Through innovative uses in presintering and alloying, we can offer unique systems that create a wider variety of materials, customized to whatever your component needs. So what we’re looking for is greater use of compaction technology in coming years.
2030: Electrification of the Motor Vehicle
For the United States, most people don’t believe total cost of ownership issues will be the driving factor in the “electrification” of the motor vehicle until 2030.
There’s not quite enough anti-CO2 emissions momentum in the United States to drive a change to full electrification of the motor vehicle. Still, it seems more consumers are seeking alternatives to that gas-guzzling SUV. They’re looking for a more eco-friendly solution, which plays right into the strength of powder metal.
The idea of the family car may be on its way out. Automated, on-call vehicles and ride sharing are in. All these things could have significant impact on the auto industry as well as emissions reductions.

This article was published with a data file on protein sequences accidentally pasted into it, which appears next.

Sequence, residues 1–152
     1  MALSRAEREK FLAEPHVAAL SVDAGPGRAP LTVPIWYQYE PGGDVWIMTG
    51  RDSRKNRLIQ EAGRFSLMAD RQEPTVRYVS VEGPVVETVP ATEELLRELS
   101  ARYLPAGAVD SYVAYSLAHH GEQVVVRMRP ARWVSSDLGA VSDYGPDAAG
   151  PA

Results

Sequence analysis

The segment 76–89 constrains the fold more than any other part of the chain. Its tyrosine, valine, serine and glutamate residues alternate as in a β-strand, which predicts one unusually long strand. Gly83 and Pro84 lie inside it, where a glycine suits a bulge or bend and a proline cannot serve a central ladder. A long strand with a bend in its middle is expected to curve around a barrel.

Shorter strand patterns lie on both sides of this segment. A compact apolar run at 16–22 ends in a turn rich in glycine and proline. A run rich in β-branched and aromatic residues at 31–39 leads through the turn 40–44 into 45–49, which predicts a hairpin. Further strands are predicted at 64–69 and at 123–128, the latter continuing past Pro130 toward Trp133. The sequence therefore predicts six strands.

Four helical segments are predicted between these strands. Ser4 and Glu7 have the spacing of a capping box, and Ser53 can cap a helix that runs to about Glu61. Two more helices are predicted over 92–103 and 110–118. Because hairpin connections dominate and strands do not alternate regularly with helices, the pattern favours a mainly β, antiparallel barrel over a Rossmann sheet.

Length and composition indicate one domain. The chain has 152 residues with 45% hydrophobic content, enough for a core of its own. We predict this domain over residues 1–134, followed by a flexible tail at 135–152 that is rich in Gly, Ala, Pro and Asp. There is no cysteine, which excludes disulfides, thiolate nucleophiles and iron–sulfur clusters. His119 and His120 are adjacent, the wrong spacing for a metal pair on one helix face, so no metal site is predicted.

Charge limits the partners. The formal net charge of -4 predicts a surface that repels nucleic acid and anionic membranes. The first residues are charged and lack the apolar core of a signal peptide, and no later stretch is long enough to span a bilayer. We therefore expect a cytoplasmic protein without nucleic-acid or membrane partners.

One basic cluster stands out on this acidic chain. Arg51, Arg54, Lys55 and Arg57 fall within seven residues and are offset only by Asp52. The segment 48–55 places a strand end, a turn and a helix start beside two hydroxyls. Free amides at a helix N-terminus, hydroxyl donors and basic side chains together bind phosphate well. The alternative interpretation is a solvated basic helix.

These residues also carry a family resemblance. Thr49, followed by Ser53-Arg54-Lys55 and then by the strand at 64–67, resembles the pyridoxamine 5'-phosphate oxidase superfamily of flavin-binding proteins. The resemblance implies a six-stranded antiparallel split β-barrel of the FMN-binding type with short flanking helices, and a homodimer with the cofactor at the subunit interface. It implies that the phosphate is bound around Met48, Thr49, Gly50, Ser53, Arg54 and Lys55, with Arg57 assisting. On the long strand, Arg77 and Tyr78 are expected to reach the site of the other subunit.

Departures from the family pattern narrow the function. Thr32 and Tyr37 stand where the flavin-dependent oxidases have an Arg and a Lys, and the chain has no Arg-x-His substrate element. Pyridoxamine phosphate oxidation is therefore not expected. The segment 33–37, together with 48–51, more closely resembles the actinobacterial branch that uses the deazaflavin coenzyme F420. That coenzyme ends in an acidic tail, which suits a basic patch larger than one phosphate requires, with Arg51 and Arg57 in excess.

Just look at Asia and Europe -- they’ve already gone past that tipping point in many nations. They’re focused on reduction on pollutants like carbon dioxide, plus their inherent gas pricing is so much higher than in the U.S. In other words, there’s more motivation overseas to make those switches today rather than 2030. -- at least for scooters and e-bikes, if not also for motor vehicles.
In the U.S., this consumer shift seems to be pushed out much further.
Are the Tariffs a Barrier?